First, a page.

Bioethics as a Second-Order Discipline: Who Is Not a Bioethicist?
Kopelman, Loretta M.
Journal of Medicine and Philosophy 2006 December; 31(6): 601-628
A dispute exists about whether bioethics should become a new discipline with its own methods, competency standards, duties, honored texts, and core curriculum. Unique expertise is a necessary condition for disciplines. Using the current literature, different views about the sort of expertise that might be unique to bioethicists are critically examined to determine if there is an expertise that might meet this requirement. Candidates include analyses of expertise based in "philosophical ethics," "casuistry," "atheoretical or situation ethics," "conventionalist relativism," "institutional guidance," "regulatory guidance and compliance," "political advocacy," "functionalism," and "principlism." None succeed in identifying a unique area of expertise for successful bioethicists that could serve as a basis for making it a new discipline. Rather expertise in bioethics is rooted in many professions, disciplines and fields and best understood as a second-order discipline.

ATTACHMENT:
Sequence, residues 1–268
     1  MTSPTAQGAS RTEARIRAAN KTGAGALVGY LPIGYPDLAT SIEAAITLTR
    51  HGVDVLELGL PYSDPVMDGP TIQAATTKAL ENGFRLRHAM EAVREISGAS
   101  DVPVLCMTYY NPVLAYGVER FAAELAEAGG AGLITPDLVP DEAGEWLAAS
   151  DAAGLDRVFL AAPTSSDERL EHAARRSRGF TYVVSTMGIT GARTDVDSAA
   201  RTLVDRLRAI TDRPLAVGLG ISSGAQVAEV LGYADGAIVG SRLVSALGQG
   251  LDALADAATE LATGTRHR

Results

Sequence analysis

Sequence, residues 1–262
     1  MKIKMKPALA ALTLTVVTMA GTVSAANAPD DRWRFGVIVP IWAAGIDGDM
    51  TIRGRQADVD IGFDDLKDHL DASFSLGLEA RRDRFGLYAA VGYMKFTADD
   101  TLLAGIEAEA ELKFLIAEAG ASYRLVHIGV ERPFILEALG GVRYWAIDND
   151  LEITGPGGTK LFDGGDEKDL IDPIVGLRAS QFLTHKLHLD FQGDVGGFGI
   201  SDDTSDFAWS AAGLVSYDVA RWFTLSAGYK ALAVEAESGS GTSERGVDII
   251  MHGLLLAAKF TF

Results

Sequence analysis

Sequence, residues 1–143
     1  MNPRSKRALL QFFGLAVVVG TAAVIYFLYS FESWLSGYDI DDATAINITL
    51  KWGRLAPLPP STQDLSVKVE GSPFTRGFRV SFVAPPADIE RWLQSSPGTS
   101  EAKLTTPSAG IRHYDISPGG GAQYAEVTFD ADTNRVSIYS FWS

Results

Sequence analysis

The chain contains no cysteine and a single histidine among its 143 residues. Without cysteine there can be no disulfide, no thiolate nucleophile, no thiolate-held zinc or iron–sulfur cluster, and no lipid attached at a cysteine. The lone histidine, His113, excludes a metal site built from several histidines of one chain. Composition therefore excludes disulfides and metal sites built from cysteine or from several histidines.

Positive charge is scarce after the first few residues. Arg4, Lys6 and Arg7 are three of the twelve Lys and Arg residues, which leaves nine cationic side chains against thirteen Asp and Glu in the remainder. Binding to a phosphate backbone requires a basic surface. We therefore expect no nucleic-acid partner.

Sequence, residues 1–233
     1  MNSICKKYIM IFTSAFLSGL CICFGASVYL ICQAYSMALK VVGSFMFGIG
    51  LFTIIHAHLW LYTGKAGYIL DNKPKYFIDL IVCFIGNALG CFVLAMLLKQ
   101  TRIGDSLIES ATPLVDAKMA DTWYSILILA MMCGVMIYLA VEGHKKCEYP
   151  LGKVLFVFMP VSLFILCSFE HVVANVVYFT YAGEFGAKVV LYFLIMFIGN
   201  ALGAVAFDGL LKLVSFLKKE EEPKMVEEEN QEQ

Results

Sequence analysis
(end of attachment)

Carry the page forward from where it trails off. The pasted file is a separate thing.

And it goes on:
Showing items related by title, author, creator and subject.
Kopelman, Loretta M. (2009-06)Bioethics is best viewed as both a second-order discipline and also part of public discourse. Since their goals differ, some bioethical activities are more usefully viewed as advancing public discourse than academic ...